Send to

Choose Destination
See comment in PubMed Commons below
Mol Biol Cell. 2005 Feb;16(2):717-30. Epub 2004 Dec 1.

Interaction of Sla2p's ANTH domain with PtdIns(4,5)P2 is important for actin-dependent endocytic internalization.

Author information

  • 1Department of Molecular and Cell Biology, University of California, Berkeley, CA 94720-3202, USA.


A variety of studies have implicated the lipid PtdIns(4,5)P2 in endocytic internalization, but how this lipid mediates its effects is not known. The AP180 N-terminal homology (ANTH) domain is a PtdIns(4,5)P2-binding module found in several proteins that participate in receptor-mediated endocytosis. One such protein is yeast Sla2p, a highly conserved actin-binding protein essential for actin organization and endocytic internalization. To better understand how PtdIns(4,5)P2 binding regulates actin-dependent endocytosis, we investigated the functions of Sla2p's ANTH domain. A liposome-binding assay revealed that Sla2p binds to PtdIns(4,5)P2 specifically through its ANTH domain and identified specific lysine residues required for this interaction. Mutants of Sla2p deficient in PtdIns(4,5)P2 binding showed significant defects in cell growth, actin organization, and endocytic internalization. These defects could be rescued by increasing PtdIns(4,5)P2 levels in vivo. Strikingly, mutant Sla2p defective in PtdIns(4,5)P2 binding localized with the endocytic machinery at the cell cortex, establishing that the ANTH-PtdIns(4,5)P2 interaction is not necessary for this association. In contrast, multicolor real-time fluorescence microscopy and particle-tracking analysis demonstrated that PtdIns(4,5)P2 binding is required during endocytic internalization. These results demonstrate that the interaction of Sla2p's ANTH domain with PtdIns(4,5)P2 plays a key role in regulation of the dynamics of actin-dependent endocytic internalization.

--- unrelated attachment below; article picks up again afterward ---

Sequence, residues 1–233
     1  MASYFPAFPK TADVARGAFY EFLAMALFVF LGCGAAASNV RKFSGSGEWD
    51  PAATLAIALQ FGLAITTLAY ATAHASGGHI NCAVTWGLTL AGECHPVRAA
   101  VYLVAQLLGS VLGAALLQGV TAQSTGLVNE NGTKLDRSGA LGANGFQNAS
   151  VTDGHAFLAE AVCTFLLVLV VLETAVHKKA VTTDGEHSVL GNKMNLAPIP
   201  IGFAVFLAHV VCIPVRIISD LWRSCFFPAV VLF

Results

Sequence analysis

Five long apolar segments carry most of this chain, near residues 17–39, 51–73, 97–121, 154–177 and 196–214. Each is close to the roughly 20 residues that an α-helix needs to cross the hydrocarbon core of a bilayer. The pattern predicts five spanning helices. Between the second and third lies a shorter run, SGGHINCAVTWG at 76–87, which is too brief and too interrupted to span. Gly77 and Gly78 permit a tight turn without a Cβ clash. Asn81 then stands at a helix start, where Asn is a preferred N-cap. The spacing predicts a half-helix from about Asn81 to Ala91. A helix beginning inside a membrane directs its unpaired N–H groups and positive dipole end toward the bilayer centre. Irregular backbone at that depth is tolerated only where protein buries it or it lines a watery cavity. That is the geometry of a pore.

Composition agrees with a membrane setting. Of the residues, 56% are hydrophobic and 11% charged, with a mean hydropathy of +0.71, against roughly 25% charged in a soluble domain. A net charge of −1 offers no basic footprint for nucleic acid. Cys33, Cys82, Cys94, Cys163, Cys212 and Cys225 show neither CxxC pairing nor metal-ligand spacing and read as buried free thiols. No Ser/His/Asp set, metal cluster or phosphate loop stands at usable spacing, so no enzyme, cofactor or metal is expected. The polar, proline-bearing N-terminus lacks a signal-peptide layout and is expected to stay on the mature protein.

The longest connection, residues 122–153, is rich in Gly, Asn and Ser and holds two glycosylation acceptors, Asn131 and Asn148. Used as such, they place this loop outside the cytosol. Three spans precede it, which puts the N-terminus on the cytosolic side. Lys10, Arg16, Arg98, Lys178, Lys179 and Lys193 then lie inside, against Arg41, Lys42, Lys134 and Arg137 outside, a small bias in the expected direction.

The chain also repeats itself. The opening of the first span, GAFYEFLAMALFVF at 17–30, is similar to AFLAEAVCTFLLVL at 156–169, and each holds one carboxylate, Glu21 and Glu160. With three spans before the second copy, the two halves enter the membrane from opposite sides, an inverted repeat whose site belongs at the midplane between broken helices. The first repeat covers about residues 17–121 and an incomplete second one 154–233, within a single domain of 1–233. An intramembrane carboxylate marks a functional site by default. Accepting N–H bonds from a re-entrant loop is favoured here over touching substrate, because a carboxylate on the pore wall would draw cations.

[PubMed - indexed for MEDLINE]
Free PMC Article

Publication Types, MeSH Terms, Substances, Grant Support

Publication Types

MeSH Terms


Grant Support

PubMed Commons home

PubMed Commons

How to join PubMed Commons

    Supplemental Content

    Full text links

    Icon for HighWire Icon for PubMed Central
    Loading ...
    Support Center